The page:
The Court of Appeal reversed the high court decision,34) based on a few reasons. First, the Sultan had absolute discretion on whether he wanted to dissolve the assembly or not. Second, the court held that a vote of no confidence was not necessary to determine whether the Menteri Besar had the support of the house. Therefore, the Sultan was acting within his powers to appoint someone who he thought had the confidence of the house through other means: in this case the meeting with the 31 state assemblypersons.
It was disappointing that the Court of Appeal (which was later supported by the highest court in Malaysia, the Federal Court)35) chose not to follow the Ningkan case. Instead it followed Datuk Amir Kahar bin Tun Dato’ Haji Mustapha v Tun Mohd Said bin Keruak Yang Di-Pertua Sabah & Ors (1995),36) which on the face of it was similar but was actually significantly different. In the Amir Kahar case the chief minister of Sabah had resigned, having lost the confidence of the state legislative assembly—although in a manner that was not through a vote of no confidence, which the judge held as acceptable. This is different from the Perak situation because the Sabah chief minister resigned voluntarily while Nizar did not. The opinion of the judge in Amir Kahar regarding the manner in which no confidence could be expressed was therefore merely obiter dicta. In the Ningkan case the issue was fundamental, and thus the judge’s decision was clearly ratio decidendi.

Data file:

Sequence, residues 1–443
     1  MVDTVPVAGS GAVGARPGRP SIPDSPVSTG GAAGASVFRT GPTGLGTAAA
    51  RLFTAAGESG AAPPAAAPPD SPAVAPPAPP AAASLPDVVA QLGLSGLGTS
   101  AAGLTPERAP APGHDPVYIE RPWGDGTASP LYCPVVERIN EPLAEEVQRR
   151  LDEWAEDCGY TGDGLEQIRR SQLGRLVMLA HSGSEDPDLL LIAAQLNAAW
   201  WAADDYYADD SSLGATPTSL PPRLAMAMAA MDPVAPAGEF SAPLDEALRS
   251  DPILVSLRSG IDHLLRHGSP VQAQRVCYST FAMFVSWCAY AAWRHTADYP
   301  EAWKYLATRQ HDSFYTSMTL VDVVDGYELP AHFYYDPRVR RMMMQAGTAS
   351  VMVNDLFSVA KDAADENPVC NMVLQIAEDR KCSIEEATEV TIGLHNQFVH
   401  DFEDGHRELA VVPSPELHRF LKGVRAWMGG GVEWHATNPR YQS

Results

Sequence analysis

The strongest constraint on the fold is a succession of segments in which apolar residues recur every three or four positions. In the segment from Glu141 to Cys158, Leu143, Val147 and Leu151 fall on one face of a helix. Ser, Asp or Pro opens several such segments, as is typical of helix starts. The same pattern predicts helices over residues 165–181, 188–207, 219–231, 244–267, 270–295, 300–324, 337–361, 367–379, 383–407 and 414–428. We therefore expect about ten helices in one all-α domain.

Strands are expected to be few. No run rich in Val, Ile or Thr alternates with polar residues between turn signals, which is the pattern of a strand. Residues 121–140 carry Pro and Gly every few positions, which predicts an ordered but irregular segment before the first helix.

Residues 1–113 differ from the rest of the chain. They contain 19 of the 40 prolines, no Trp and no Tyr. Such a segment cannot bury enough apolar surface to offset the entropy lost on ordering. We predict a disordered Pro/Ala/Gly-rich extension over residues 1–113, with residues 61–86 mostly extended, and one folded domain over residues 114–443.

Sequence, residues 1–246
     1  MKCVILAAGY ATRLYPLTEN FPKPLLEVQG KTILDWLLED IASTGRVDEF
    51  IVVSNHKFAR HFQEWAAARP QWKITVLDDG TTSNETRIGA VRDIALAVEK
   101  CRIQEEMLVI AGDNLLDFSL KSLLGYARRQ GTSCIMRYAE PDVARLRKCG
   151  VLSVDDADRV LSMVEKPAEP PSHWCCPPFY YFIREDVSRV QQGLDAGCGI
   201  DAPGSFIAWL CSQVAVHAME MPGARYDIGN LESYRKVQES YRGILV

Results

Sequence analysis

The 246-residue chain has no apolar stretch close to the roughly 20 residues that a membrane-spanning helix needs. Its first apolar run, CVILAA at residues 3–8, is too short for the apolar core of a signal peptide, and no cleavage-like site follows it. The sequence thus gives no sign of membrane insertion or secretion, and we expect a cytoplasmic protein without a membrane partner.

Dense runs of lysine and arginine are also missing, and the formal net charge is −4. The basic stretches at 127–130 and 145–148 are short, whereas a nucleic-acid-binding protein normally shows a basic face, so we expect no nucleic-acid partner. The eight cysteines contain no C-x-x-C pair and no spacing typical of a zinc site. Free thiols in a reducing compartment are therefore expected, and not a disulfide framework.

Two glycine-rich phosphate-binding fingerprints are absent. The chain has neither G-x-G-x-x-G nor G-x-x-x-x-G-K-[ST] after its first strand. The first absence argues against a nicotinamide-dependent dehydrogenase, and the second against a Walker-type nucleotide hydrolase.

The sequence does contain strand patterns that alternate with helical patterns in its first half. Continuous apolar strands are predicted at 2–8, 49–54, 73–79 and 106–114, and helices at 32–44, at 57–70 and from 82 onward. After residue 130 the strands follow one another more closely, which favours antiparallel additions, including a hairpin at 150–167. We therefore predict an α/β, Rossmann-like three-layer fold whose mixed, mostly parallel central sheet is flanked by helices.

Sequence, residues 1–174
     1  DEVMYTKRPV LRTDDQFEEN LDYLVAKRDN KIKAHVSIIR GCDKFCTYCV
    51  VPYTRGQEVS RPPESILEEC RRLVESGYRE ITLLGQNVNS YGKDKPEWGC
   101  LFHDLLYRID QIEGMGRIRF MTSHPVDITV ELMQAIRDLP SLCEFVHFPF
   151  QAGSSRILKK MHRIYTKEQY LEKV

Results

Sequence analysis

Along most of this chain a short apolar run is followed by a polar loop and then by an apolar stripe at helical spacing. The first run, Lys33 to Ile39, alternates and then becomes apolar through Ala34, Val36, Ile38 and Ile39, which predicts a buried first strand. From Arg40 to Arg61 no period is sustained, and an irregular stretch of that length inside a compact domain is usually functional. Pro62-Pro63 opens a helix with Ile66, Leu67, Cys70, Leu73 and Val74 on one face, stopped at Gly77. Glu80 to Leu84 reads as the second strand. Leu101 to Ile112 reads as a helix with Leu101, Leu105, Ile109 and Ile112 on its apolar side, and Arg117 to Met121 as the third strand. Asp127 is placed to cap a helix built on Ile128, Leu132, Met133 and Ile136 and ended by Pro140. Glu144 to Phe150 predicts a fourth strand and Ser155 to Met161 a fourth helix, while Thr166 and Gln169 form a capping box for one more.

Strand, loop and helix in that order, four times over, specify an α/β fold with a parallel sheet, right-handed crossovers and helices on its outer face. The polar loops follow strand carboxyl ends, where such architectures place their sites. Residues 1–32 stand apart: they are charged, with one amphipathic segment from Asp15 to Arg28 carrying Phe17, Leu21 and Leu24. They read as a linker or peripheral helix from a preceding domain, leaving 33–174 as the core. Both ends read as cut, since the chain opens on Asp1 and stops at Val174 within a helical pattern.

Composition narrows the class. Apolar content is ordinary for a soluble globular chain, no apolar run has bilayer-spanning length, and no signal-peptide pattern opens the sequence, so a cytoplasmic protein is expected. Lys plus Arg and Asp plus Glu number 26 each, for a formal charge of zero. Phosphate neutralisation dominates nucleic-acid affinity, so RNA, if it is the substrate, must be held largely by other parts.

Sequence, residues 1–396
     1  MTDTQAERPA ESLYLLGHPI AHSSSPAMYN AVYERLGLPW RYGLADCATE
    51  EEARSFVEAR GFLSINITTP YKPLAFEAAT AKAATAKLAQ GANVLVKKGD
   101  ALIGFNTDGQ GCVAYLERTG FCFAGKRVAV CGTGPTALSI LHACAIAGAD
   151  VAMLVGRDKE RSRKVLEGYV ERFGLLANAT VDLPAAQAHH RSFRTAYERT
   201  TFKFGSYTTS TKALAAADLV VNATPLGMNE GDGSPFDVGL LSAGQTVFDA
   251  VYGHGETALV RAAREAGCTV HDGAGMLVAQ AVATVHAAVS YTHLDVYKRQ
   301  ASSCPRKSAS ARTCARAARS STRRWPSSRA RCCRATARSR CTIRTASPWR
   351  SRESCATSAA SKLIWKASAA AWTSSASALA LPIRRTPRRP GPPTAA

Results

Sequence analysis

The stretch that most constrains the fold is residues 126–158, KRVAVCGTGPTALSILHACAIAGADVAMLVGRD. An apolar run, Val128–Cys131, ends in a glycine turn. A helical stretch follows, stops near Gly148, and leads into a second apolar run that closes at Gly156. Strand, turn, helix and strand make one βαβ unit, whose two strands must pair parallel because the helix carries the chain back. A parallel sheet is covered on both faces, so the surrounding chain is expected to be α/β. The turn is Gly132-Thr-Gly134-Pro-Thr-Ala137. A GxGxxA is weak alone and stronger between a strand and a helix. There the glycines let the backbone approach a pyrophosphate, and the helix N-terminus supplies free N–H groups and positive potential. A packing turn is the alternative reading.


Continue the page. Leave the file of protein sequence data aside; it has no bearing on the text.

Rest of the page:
The Court of Appeal also supported its decision by pointing out that the Perak Constitution did not specifically spell out the manner in which confidence was to be determined. Therefore, any method would do. Once again we see a literalist approach in reading a constitution. This may be factually correct, but it is seriously flawed because by taking this approach the Court of Appeal (and later the Federal Court) did not take into consideration the principle behind the importance of a vote of no confidence in the house.
In a parliamentary democracy the executive is created from and by the legislature. The will of the citizens is reflected in that legislature, and therefore any changes in the executive ought to be made through the legislature. This is especially true when considering the situation in Perak. The people of the state voted in favor of the opposition. The balance of power shifted not through any democratic means but through the defection of three state assemblypersons. This can be said to be contrary to what the electorate wanted. It would seem that ideally fresh elections should have been called, but failing that at the very least there should have been an open debate in the house with a vote of no confidence as its climax. The people have a right to see how their elected representatives argue and act in a transparent forum. In the words of Harding: